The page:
11. Interplate and Intraplate Decoupling: A 3D View from Surface Geology and Seismicity, Eastern Hellenic Forearc, Greece

    NASA Astrophysics Data System (ADS)

    Kleinspehn, K. L.; Russo, R. M.

    2003-12-01

    Shallow active seismicity and neotectonic structures reveal important changes in the degree of interplate and intraplate coupling along the convergent Hellenic plate boundary from Crete to Rhodes. The onshore/offshore Pliocene-Holocene surface geology of the Hellenic forearc records three different deformation states: 1) A western segment (western Crete) where incipient continent-continent collision produces shortening under strong interplate coupling; 2) a central segment (central-eastern Crete) partly coupled to Africa where oblique convergence is partitioned into sinistral strike slip and orthogonal shortening which is confined to the accretionary wedge; and 3) an eastern trantensional segment (Rhodes), mechanically decoupled from African oblique convergence, instead reflecting slab rollback and Aegea's southward motion relative to Anatolia. Such along-strike heterogeneity of neotectonic structures suggests each segment should also display distinct crustal-scale stress patterns. Abundant earthquake focal mechanisms provide a means to gauge stress regimes. Shallowly plunging P (compression) and T (tension) axes of crustal events differ systematically along the three forearc segments. Above the brittle-ductile transition (<13 km), the western segment records N-S P axes and E-W T axes. In the central Crete transition zone, P and T axes vary, whereas sparse P axes in the decoupled eastern forearc (Rhodes) parallel the NNE plate margin. Below the brittle-ductile transition (13 < h < 40 km), P axes beneath western Crete trend N-S normal to the subduction trace, signifying interplate coupling given their similarity to plate-convergence vectors. T axes trend WNW consistent with margin-parallel extension at depth due to Africa's northward convergence. Stress patterns reverse for the wrench-dominated transition zone: P axes trend WNW-ESE and T axes trend N-S, indicating that northward convergence is less important than slab roll back. In the transtensional forearc east of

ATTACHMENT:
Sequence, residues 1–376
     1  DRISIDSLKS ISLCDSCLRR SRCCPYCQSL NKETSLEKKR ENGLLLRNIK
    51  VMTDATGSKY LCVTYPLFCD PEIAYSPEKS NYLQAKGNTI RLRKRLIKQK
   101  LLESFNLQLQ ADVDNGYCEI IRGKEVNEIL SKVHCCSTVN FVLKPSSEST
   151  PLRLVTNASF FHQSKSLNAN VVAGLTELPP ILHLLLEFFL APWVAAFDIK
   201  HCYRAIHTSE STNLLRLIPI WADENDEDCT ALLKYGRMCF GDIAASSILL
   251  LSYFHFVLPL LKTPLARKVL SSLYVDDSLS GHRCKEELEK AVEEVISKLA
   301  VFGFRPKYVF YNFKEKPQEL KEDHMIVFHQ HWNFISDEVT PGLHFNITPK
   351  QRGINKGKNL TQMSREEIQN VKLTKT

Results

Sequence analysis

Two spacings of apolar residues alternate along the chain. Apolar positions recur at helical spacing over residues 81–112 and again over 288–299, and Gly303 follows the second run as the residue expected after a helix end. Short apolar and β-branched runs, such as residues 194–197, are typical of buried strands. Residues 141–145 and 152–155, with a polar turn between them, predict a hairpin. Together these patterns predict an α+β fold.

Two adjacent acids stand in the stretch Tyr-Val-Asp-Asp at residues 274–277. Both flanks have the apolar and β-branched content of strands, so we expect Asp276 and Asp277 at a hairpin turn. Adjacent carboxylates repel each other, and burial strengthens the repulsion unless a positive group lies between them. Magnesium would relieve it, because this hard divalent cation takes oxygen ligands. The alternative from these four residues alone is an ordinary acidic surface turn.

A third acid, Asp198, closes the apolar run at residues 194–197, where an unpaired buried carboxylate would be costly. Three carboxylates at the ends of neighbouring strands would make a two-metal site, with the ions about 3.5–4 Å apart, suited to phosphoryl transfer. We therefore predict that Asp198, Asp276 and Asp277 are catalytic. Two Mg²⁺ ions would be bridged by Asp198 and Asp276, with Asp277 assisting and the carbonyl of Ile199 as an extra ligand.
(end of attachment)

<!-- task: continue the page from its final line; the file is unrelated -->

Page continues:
12. Do fault-related folds follow the same scaling law as their associated faults? A study using 3D seismic reflection data

    NASA Astrophysics Data System (ADS)

    Pitcher, Eleanor; Imber, Jonathan

    2016-04-01

    Fractal distributions are largely agreed to follow a power-law distribution. Power-law scaling relationships describe the size distribution of fault lengths or displacements. Being able to identify these scaling properties provides a powerful tool for predicting the numbers of geological structures, such as small-scale faults in sedimentary basins that are below the resolution of seismic reflection data. The aim of this study is to determine whether fault-related folds follow the same power law scaling properties, or if they follow a different scaling law. We use TrapTester to interpret a 3D seismic volume from the Gulf of Mexico to construct fault planes and cut-off lines along selected horizons in the vicinity of fault upper tip lines. Fault-related folds are particularly well developed above steeply plunging tip lines, but are discontinuous along the strike of the fault plane. Folding is less well developed on horizons that intersect, or lie close to, the locus of maximum throw (bullseye) of the fault plane. We then measured fold amplitudes and fault throws across these same horizons using a one-dimensional multi-line sampling approach. Graphs of fault throw and fold amplitude vs. distance parallel to fault strike show that folds occur where there is no resolvable fault throw, and that fault throw and fold amplitudes show an approximately inverse relationship. Close to the locus of maximum throw, there is largely just faulting, whilst at the upper tip line folding predominates. By plotting cumulative frequency against throw for the fault and fold data we can investigate whether the data follow a power law, log normal or exponential distribution. Plotting the data on log vs. log (power law), linear vs. log (log normal) and log vs. linear (exponential) axes allow us to establish which displays the best "straight-line fit". We observed that the fault throw data satisfied a straight-line on a log vs. log graph - implying a power law distribution - and also returned